Tests for Patentability
Just because an invention falls within one of the categories of patentable subjects, it is not necessarily patentable. The Patent Act and judicial interpretations have established certain tests that must first be met. To approve a patent application, the PTO (as part of the Department of Commerce) will require that the invention, discovery, or process be novel, useful, and nonobvious in light of current technology.
Perhaps the most significant test of patentability is that of obviousness. The act says that no invention may be patented “if the differences between the subject matter sought to be patented and the prior art are such that the subject matter as a whole would have been obvious at the time the invention was made to a person having ordinary skill in the art to which said subject matter pertains.” This provision of the law has produced innumerable court cases, especially over improvement patents, when those who wish to use an invention on which a patent has been issued have refused to pay royalties on the grounds that the invention was obvious to anyone who looked.
Procedures for Obtaining a Patent
In general, the United States (unlike many other countries) grants a patent right to the first person to invent a product or process rather than to the first person to file for a patent on that product or process. As a practical matter, however, someone who invents a product or process but does not file immediately should keep detailed research notes or other evidence that would document the date of invention. An inventor who fails to apply for a patent within a year of that date would forfeit the rights granted to an inventor who had published details of the invention or offered it for sale. But until the year has passed, the PTO may not issue a patent to X if Y has described the invention in a printed publication here or abroad or the invention has been in public use or on sale in this country.
An inventor cannot obtain a patent automatically; obtaining a patent is an expensive and time-consuming process, and the inventor will need the services of a patent attorney, a highly specialized practitioner. The attorney will help develop the required specification, a description of the invention that gives enough detail so that one skilled in the art will be able to make and use the invention. After receiving an application, a PTO examiner will search the records and accept or reject the claim. Usually, the attorney will negotiate with the examiner and will rewrite and refine the application until it is accepted. A rejection may be appealed, first to the PTO’s Board of Appeals and then, if that fails, to the federal district court in the District of Columbia or to the US Court of Appeals for the Federal Circuit, the successor court to the old US Court of Customs and Patent Appeals.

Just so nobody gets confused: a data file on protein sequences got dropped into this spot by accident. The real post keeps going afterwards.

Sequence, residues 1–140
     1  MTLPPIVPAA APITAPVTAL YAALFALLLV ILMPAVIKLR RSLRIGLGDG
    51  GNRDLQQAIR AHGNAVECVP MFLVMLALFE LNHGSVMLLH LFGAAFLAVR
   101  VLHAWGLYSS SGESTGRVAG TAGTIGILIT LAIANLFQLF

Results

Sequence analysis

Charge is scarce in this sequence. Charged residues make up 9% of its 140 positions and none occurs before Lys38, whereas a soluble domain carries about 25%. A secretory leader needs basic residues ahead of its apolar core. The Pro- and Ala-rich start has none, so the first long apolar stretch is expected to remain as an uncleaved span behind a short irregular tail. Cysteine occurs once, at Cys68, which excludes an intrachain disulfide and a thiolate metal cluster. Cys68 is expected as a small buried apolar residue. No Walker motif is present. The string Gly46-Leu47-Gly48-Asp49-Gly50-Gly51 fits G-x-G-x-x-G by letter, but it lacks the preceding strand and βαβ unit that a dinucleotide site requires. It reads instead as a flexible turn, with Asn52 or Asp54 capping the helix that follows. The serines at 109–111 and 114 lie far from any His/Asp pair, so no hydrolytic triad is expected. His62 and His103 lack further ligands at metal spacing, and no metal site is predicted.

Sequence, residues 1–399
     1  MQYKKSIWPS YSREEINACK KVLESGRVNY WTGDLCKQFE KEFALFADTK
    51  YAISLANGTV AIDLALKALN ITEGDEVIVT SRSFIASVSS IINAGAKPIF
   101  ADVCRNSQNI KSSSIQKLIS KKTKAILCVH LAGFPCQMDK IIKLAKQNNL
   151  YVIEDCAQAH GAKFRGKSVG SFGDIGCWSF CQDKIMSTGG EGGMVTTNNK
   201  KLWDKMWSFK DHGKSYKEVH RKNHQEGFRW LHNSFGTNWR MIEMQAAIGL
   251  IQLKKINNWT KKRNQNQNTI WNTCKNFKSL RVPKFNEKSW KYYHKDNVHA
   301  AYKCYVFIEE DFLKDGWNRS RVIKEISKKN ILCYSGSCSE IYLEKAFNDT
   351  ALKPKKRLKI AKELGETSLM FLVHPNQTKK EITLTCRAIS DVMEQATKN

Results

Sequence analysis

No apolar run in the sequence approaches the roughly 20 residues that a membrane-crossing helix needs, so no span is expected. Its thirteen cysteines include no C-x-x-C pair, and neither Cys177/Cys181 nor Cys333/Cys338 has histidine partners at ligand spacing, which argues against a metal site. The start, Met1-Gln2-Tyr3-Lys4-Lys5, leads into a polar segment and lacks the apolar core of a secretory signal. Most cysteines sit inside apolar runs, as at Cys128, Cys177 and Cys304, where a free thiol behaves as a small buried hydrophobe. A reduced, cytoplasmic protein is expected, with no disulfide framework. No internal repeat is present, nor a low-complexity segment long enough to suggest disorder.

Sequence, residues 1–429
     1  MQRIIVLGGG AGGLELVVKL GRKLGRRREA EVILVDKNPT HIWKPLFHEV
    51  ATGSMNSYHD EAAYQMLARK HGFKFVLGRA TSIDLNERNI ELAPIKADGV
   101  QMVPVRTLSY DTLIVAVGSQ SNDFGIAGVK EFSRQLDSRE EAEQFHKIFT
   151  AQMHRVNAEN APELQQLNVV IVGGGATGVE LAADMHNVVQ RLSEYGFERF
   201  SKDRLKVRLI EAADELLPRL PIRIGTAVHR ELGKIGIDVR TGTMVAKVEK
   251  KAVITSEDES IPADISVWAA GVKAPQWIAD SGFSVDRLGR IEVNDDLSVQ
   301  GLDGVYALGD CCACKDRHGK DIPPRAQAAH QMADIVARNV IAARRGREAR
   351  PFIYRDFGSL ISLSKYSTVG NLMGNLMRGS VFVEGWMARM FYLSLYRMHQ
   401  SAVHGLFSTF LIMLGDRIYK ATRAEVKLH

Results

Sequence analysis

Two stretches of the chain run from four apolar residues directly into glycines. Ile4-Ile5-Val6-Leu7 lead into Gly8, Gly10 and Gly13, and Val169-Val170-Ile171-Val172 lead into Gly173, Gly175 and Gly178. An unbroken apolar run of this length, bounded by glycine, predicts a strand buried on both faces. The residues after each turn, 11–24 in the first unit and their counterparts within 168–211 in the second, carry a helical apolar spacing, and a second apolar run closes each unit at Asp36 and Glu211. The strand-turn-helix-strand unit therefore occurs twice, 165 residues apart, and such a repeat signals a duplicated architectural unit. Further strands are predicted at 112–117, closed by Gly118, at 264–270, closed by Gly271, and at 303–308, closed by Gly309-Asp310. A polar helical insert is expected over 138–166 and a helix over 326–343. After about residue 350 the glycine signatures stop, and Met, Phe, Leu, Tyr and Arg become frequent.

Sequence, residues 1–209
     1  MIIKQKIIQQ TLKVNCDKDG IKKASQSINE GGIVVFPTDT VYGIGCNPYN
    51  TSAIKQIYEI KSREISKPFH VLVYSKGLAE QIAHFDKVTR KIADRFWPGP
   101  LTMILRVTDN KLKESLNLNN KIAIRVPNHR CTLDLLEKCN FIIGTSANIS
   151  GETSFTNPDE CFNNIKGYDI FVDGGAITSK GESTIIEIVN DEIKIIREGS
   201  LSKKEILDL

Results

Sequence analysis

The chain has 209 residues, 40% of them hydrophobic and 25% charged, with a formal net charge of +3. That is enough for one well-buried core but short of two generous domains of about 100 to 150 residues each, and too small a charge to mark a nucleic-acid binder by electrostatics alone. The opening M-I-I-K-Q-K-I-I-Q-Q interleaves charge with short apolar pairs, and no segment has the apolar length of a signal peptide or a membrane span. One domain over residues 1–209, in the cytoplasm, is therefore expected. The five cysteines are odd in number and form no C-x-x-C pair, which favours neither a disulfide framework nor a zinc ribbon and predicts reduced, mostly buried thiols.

Once a patent application has been filed, the inventor or a company to which she has assigned the invention may put the words “patent pending” on the invention. These words have no legal effect. Anyone is free to make the invention as long as the patent has not yet been issued. But they do put others on notice that a patent has been applied for. Once the patent has been granted, infringers may be sued even if the infringed has made the product and offered it for sale before the patent was granted.
In today’s global market, obtaining a US patent is important but is not usually sufficient protection. The inventor will often need to secure patent protection in other countries as well. Under the Paris Convention for the Protection of Industrial Property (1883), parties in one country can file for patent or trademark protection in any of the other member countries (172 countries as of 2011). The World Trade Organization’s Agreement on Trade-Related Aspects of Intellectual Property Rights (TRIPS) established standards for protecting intellectual property rights (patents, trademarks, and copyrights) and provides that each member nation must have laws that protect intellectual property rights with effective access to judicial systems for pursuing civil and criminal penalties for violations of such rights.
The patent holder is entitled to make and market the invention and to exclude others from doing so. Because the patent is a species of property, it may be transferred. The inventor may assign part or all of his interest in the patent or keep the property interest and license others to manufacture or use the invention in return for payments known as royalties. The license may be exclusive with one licensee, or the inventor may license many to exploit the invention. One important limitation on the inventor’s right to the patent interest is the so-called shop right. This is a right created by state courts on equitable grounds giving employers a nonexclusive royalty-free license to use any invention made by an employee on company time and with company materials. The shop right comes into play only when a company has no express or implied understanding with its employees. Most corporate laboratories have contractual agreements with employees about who owns the invention and what royalties will be paid.
Infringement and Invalidity Suits